• As part of this process, doctors often also try to treat other co-occurring disorders that you may have in addition to PMDD, such as major depressive disorder (MDD) or generalized anxiety disorder (GAD). If they do this, rest assured that they are not saying that you don’t have PMDD-- they are trying to reduce your suffering overall by tending to these other, more chronic symptoms that may worsen or complicate PMDD.

3. Complete an assessment visit with the surgeon to review your other medical history and make sure that advanced treatments that cause a menopausal state are safe for you. Some individuals may be unable to safely undergo surgery, for example, and this needs to be evaluated during this process. 

How likely is it that menopause will cure my PMDD?

Before a doctor decides to move forward with surgical intervention for PMDD, they usually want to use temporary medications to “test out” menopause moving on to surgery. This process is detailed below.

4. Documentation of a chemical menopause trial using GnRH analogues. The reason that surgical menopause is effective for PMDD is that it eliminates cyclical hormone changes, which prevents the hormone-sensitive (PMDD) brain from having adverse cyclical PMDD reactions. In order to test whether surgical menopause will be an effective treatment for you, it is wise to test out how you will respond to a menopausal hormone state. The best way to test out whether a menopausal state is right for you is to undergo a “reversible chemical menopause trial” in which medications called “GnRH analogues” are given to temporarily shut down your ovaries (which stops your hormones from fluctuating). It is fully reversible-- once you decide to stop the medication, your hormones will resume cycling as normal. If symptoms go away or improve vastly during this temporary “reversible chemical menopause trial”, this is a sign that surgical menopause may be a cure for you.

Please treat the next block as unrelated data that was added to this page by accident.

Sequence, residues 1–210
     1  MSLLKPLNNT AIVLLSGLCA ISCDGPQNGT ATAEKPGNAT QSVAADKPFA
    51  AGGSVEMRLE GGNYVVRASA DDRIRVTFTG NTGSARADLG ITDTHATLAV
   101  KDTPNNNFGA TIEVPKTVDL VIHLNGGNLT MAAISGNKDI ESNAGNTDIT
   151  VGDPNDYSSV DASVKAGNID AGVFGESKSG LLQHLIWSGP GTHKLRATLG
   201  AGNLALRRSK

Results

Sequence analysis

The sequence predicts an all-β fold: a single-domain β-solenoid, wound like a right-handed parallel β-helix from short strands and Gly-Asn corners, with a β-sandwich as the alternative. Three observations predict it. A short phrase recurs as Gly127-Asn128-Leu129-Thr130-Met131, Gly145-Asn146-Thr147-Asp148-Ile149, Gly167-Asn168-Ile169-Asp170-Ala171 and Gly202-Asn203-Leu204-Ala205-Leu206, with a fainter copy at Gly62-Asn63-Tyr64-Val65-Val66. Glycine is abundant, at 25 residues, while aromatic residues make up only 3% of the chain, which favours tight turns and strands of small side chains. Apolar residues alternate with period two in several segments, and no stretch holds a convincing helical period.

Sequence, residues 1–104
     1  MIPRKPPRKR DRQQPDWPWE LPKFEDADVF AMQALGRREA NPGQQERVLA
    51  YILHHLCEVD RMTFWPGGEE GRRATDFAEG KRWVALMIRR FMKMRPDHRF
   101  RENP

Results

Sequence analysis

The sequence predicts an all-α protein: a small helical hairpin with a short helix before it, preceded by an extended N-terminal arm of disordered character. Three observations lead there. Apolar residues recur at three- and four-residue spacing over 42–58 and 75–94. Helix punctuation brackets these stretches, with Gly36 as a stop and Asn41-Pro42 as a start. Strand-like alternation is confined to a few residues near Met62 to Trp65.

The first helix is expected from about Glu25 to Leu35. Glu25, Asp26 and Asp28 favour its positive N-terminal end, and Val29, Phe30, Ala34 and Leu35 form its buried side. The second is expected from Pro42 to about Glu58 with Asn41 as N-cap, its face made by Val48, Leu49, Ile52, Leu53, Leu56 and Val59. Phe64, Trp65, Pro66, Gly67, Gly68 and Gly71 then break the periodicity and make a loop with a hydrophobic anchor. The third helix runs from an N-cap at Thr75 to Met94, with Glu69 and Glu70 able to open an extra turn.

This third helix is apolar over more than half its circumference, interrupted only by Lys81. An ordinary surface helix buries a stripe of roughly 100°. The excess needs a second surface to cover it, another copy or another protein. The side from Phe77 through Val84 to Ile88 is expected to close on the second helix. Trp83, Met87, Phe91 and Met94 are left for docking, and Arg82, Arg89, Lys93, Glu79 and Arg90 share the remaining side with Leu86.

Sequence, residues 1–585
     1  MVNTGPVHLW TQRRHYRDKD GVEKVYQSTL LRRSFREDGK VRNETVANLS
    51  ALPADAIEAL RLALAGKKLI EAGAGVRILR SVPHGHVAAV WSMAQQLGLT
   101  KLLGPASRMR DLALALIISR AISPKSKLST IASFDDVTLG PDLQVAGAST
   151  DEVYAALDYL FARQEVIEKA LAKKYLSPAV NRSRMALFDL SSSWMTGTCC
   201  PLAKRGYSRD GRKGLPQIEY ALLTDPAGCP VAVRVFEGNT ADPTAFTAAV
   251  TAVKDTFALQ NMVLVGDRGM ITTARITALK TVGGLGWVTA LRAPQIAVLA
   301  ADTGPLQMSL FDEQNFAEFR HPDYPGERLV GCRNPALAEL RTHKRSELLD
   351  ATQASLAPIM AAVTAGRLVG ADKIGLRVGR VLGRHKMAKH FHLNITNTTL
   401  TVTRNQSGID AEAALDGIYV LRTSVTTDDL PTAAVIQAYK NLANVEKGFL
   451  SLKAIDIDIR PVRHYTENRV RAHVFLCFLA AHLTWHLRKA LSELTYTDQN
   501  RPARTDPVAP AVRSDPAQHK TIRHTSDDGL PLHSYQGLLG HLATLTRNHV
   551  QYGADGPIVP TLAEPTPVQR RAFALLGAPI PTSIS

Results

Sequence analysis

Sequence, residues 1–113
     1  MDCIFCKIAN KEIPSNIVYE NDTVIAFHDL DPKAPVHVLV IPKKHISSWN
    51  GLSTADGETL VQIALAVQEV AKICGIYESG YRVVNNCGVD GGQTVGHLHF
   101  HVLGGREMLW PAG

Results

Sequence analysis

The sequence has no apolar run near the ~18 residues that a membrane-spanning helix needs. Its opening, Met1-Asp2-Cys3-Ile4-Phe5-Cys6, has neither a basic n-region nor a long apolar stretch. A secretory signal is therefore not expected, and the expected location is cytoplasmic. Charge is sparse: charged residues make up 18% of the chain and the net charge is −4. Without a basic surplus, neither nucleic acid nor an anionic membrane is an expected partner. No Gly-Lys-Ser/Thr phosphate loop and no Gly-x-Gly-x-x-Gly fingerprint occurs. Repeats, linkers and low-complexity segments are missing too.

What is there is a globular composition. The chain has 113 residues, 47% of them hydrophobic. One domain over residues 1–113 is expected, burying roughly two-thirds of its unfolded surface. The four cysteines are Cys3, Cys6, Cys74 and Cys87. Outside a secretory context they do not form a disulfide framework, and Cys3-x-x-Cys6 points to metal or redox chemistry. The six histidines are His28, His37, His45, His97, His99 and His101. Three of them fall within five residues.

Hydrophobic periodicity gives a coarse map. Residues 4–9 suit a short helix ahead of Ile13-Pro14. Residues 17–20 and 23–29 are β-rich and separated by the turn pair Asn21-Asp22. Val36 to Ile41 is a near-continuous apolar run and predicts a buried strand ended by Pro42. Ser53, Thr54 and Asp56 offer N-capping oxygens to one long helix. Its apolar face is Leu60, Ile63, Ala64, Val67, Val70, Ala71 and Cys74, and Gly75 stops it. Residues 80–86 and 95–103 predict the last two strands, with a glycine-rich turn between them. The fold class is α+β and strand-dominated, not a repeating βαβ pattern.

• Note that not all doctors require this, but most do. 

  • Note that if for some reason these medications do not successfully prevent ovulation and you continue to have hormone cycling (and symptoms), you and your doctor may still decide that surgery is the right option.

Generally speaking, surgeons become much more comfortable with the prospect of surgical treatment for PMDD once the four points above have been addressed. 

Personal Needs and Preferences

  • Of course, your own preferences regarding surgery are very important. Having this surgery for PMDD is a big and irreversible decision. It will be life-changing. The decision to undergo such major surgery needs to be made in conjunction with your doctor/health-care provider. All risks and benefits of the surgery (and life following the surgery) should be explained to you in full. 

  • Do not be afraid to ask questions.

  • It is important that you learn about the procedure/s and what it means for your health in the long term. This will allow you to make a decision based on your own personal situation. 

  • For some, it can be helpful to arrange some talk therapy to discuss your options and give you time to come to a decision on your own terms and in your timeframe. 

  • You should not agree to this surgery unless you understand the reasons for it, and understand the pros and cons of having your ovaries removed. If you are unsure about anything, ask your doctor/health-care provider for clarification or further information.

Visit for lots of evidence-based information and resources for those considering, going through, or recovering from surgery for PMDD/PME.